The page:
NJ Is Using a New Highway Repaving Technique
The state Department of Transportation is extending the life of major highways and saving money by using a process called pavement preservation.
The technique uses micro-milling to smooth the roadway. A slurry seal and a high-performance thin overlay then goes on top. This prevents water from seeping and ensures a smooth ride.
DOT spokesman Steve Schapiro said this technique allows the DOT to “preserve our roadways in good condition without having to do a traditional full mill and pave project. We’re preserving the roads allowing us to stretch our dollars further.”
He explained analysis by the DOT has determined pavement preservation is cheaper and easier than traditional repaving.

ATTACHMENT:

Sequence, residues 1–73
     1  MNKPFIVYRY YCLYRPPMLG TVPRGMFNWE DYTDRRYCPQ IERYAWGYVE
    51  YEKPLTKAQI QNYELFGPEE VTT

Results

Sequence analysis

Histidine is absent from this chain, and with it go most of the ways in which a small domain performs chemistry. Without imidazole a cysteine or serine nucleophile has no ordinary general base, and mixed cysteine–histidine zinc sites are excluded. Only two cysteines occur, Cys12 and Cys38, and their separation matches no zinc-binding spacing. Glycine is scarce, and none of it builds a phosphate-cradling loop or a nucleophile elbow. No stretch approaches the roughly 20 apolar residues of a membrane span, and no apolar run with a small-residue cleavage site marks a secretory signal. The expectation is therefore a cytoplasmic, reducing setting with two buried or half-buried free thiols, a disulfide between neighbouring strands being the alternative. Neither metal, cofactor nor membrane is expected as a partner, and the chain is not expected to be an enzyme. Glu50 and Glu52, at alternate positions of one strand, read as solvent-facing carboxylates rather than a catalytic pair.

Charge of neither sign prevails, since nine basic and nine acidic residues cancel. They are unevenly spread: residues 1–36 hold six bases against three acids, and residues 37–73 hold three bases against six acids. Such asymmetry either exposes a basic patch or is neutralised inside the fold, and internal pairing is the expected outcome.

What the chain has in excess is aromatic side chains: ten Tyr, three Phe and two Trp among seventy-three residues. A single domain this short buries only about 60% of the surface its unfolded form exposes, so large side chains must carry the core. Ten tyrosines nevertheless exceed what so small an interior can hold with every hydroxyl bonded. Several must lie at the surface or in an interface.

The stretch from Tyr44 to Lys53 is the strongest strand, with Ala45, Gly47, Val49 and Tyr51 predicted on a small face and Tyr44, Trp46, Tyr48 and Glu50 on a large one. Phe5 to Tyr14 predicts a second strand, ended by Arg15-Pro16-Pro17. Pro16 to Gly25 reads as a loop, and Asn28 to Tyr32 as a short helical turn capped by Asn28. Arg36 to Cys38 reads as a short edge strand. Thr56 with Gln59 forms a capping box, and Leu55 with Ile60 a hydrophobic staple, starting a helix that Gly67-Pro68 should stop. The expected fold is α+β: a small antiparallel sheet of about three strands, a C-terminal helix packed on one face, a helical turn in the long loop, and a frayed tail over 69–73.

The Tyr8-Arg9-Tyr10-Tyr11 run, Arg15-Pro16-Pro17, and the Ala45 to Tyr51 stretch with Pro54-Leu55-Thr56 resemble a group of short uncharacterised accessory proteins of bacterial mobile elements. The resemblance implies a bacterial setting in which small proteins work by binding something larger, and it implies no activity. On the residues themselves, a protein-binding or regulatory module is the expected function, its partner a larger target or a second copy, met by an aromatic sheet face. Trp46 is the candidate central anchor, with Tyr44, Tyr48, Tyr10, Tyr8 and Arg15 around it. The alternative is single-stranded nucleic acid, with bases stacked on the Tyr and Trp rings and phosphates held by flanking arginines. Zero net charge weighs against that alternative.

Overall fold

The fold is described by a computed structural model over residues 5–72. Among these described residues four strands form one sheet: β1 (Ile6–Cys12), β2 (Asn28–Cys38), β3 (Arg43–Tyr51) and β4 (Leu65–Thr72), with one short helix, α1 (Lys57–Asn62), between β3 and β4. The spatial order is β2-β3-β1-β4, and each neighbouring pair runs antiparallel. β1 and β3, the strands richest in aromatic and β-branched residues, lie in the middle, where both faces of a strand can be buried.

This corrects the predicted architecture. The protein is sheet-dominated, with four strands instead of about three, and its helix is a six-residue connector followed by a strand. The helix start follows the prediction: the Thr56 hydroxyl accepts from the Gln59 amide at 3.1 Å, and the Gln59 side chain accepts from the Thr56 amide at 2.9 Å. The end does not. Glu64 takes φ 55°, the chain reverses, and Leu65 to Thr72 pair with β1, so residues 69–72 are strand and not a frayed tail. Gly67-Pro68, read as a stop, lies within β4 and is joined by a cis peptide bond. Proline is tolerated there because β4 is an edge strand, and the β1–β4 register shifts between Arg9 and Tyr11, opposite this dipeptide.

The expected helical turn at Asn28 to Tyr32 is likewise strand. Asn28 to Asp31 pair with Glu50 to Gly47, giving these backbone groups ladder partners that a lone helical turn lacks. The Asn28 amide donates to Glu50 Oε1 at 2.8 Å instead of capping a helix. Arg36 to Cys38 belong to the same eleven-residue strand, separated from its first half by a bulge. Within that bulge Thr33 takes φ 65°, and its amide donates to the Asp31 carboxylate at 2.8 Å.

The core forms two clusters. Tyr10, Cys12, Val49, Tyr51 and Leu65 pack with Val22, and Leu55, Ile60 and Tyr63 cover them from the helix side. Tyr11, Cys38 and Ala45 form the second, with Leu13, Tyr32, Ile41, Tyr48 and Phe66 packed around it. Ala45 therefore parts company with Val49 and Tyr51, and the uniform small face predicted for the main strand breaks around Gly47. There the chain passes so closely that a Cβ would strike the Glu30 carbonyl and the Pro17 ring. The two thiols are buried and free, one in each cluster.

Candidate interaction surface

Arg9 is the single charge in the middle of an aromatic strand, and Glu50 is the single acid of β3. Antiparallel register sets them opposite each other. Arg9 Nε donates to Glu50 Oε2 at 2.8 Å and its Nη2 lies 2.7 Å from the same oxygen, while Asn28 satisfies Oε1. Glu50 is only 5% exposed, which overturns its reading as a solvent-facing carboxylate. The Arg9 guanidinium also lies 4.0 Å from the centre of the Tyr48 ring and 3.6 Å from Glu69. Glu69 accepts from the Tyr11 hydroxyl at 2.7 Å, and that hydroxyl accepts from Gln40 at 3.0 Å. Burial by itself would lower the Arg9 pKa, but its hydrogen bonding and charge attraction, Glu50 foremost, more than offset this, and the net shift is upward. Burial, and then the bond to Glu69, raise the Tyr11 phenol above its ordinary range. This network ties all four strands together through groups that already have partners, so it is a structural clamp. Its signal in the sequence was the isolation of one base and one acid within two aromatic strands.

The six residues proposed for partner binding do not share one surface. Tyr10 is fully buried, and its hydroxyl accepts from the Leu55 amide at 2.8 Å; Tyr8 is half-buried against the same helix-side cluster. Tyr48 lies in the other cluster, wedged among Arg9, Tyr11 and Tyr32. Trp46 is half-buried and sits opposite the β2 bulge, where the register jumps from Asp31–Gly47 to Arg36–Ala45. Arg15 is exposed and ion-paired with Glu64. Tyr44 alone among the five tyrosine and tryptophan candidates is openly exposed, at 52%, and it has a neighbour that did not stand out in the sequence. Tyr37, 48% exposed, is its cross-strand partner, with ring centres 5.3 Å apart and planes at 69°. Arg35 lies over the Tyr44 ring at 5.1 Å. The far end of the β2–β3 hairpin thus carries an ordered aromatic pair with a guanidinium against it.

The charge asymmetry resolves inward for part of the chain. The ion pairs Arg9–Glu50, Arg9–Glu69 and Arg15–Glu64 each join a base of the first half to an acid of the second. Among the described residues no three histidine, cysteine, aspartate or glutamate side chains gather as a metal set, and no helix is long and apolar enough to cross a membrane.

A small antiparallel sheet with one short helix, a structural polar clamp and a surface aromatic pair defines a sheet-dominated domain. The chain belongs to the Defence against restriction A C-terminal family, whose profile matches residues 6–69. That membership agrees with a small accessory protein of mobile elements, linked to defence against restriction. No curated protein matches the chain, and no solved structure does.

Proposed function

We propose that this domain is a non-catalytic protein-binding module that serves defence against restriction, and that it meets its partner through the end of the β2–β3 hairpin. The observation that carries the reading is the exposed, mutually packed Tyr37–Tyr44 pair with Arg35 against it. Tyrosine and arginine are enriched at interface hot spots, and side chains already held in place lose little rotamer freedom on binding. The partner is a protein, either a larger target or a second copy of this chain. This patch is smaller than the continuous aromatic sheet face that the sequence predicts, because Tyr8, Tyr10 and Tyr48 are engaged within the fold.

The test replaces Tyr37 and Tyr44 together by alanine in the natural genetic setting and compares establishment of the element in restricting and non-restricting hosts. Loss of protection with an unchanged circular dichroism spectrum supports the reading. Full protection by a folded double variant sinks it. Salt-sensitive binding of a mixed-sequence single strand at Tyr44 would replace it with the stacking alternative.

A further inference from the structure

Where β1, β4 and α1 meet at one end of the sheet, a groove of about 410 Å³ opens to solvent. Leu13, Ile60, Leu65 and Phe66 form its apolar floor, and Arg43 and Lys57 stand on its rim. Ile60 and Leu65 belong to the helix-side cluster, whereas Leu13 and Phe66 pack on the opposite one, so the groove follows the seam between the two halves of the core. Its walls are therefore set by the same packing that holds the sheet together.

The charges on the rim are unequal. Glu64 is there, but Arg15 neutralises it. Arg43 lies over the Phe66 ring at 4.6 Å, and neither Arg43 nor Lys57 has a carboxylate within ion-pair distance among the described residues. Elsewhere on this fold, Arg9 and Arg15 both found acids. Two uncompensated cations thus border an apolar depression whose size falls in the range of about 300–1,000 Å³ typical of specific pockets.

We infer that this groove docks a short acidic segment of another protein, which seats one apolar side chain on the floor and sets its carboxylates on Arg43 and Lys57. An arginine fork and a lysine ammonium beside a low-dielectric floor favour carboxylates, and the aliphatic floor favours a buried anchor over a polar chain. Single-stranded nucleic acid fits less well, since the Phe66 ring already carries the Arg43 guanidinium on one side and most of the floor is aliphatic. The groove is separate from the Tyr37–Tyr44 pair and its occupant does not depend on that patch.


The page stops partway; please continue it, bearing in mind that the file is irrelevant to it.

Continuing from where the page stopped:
“It basically extends the functional life of the roadway for another 10 or more years. It also improves the ride quality, so it’s a state-of-the-art technique that really helps us keep the roads in good condition.”
Schapiro noted the DOT has been using pavement preservation on one or more lanes for varying lengths on several highways including Interstates 295, 280 and 287 as well as Route 24 in Millburn.
The DOT spends about $400 million a year on roadway repair and repaving, and the use of pavement preservation could be expanded going forward because “it improves the safety and reduces the cost by slowing the rate of highway deterioration.”
You can contact reporter David Matthau at David.Matthau@townsquaremedia.com